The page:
The biggest setback for the party’s propaganda machine came last week when the Communist Youth League unveiled Jiangshan Jiao and Hongqi Man, sibling mascots in traditional Chinese dress. Their names — “jiangshan” for the Chinese nation and “hongqi” for the party’s red flag — are derived from a poem by Chairman Mao Zedong.
“Come on, cheer on the Youth League’s idols,” the league urged on social media.
People did not cheer. The league deleted the posts hours later as critics accused the party institution of trying to turn the relationship between the country and its citizens into one between entertainment idols and their fans. One comment — “I’m your citizen, not your fan” — got over 50,000 likes.
The backlash may suggest new attitudes among the young generation toward the state.
“In the past month, many young people have been reading a lot of firsthand information and in-depth media reports about the epidemic on the internet,” said Stephanie Xia, 26, who lives in Shanghai. They were angry and confused by what they learned, she said.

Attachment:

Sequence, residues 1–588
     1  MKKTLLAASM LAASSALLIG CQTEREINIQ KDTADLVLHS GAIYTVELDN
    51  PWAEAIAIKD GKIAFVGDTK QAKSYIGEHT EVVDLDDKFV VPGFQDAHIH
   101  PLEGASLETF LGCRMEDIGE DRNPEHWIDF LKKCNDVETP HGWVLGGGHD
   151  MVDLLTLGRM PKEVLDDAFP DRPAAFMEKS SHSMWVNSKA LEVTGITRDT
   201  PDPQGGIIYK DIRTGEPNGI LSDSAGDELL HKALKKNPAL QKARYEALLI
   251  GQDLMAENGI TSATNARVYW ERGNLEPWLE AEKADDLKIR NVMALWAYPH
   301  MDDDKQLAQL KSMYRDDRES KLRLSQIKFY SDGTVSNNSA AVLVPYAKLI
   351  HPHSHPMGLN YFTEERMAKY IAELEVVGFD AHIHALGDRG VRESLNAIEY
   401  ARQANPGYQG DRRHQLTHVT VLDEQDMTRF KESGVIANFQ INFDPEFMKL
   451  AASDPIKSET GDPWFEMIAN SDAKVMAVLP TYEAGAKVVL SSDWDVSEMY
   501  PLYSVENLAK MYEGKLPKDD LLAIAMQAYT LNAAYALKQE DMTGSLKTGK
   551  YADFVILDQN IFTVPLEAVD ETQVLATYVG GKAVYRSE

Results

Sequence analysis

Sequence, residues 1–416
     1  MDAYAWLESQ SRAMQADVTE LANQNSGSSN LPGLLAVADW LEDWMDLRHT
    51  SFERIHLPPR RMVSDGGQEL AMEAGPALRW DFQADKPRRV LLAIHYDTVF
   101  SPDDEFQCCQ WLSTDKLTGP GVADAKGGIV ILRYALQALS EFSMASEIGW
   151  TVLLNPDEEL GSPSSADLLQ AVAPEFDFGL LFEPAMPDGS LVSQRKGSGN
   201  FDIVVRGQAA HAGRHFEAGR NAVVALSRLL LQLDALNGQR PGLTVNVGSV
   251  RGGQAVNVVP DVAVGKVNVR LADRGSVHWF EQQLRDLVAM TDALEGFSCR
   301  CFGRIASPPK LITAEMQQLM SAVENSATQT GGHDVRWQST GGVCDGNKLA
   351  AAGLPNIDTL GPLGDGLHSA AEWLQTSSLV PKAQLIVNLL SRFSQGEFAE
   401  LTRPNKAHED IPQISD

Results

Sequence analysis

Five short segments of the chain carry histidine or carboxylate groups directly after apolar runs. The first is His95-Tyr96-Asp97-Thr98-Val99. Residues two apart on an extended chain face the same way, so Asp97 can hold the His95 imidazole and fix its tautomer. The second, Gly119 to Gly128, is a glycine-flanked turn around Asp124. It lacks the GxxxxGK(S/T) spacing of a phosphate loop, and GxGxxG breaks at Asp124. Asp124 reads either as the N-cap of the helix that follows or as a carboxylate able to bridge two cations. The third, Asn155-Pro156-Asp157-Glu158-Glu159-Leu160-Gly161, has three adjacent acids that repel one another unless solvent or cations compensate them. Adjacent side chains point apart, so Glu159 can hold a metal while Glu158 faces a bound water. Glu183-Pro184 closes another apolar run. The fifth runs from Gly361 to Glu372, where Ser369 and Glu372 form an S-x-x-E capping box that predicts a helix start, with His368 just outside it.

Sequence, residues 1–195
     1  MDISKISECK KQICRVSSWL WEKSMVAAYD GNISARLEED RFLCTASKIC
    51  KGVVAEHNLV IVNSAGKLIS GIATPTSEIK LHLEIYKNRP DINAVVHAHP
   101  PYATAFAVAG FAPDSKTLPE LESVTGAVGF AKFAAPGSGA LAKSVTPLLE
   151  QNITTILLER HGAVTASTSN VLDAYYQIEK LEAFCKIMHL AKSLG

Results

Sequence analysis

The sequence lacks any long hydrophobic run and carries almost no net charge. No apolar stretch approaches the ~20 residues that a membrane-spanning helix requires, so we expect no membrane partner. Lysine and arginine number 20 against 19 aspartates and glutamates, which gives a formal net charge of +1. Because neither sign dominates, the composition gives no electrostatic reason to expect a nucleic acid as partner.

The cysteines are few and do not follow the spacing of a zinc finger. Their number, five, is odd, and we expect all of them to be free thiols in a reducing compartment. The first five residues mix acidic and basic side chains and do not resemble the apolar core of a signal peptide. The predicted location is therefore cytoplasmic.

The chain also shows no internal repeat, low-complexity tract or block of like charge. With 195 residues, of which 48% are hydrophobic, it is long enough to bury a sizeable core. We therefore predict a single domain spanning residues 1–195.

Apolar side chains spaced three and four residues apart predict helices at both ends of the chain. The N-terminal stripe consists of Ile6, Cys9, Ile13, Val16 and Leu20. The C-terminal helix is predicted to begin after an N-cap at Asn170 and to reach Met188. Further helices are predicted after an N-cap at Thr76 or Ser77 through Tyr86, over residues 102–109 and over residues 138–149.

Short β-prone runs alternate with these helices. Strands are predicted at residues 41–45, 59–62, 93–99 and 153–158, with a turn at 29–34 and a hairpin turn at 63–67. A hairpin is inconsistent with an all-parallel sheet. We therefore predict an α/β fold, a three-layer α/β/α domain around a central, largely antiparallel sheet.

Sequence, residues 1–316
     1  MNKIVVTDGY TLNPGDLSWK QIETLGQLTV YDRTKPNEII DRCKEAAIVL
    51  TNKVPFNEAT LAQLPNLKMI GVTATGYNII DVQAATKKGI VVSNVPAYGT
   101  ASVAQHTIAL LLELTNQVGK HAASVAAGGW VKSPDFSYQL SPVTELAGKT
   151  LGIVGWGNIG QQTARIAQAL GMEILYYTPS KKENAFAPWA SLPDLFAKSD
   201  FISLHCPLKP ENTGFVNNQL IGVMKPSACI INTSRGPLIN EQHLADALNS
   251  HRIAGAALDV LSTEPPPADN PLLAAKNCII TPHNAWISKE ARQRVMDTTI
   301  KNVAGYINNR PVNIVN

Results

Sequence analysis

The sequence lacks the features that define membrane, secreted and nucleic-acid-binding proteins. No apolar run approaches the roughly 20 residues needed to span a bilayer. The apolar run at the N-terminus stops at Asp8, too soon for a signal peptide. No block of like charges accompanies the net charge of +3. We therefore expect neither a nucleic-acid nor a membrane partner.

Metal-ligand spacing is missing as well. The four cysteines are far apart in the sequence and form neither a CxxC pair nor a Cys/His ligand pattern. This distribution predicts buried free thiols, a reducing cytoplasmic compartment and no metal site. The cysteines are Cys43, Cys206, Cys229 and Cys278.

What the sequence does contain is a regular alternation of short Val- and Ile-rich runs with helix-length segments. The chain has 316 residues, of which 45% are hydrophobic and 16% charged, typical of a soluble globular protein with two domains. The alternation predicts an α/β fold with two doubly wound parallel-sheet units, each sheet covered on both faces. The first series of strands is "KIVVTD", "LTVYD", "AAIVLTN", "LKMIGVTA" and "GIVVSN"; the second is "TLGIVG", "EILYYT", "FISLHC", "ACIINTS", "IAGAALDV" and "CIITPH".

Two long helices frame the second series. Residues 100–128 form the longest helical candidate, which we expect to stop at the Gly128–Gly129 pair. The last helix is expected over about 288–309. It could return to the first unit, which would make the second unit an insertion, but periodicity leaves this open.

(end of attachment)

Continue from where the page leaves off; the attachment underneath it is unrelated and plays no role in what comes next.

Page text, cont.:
“There’s some gap between what the young people are really like and what the government believes what they’re like,” Ms. Xia added.
Despite the growing skepticism, the party state has widespread popular support. While older people who rely on state media make up the bulk, the party still counts on the backing of apolitical young people like Lu Yingxin, whom I wrote about in October as an example of the patriotic youth.
Ms. Lu said she was touched by the reports about the sacrifices of the front-line health workers and ordinary people donating money to Wuhan. She was sad about the passing of Dr. Li and was not happy that the police accused him of spreading rumors.
Still, she isn’t disappointed with the government. It has a full plate to deal with, she reasons.
“Even if I say that I don’t trust the government, what could I do?” Ms. Lu said. “It seems there’s nothing I can do.”